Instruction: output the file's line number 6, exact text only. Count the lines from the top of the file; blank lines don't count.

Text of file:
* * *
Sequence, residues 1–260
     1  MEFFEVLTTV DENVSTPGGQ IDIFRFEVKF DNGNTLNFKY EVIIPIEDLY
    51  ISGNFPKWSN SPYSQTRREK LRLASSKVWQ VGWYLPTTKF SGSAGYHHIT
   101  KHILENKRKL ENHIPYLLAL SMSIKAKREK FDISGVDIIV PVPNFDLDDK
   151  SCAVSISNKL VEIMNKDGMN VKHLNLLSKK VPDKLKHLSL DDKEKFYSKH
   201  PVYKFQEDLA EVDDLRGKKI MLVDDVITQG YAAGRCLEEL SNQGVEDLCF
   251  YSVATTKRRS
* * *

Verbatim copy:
   201  PVYKFQEDLA EVDDLRGKKI MLVDDVITQG YAAGRCLEEL SNQGVEDLCF